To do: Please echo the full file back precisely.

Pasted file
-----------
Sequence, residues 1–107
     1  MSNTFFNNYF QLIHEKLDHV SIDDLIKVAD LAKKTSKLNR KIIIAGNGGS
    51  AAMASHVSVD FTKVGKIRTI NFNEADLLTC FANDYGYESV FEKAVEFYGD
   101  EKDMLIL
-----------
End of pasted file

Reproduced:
Sequence, residues 1–107
     1  MSNTFFNNYF QLIHEKLDHV SIDDLIKVAD LAKKTSKLNR KIIIAGNGGS
    51  AAMASHVSVD FTKVGKIRTI NFNEADLLTC FANDYGYESV FEKAVEFYGD
   101  EKDMLIL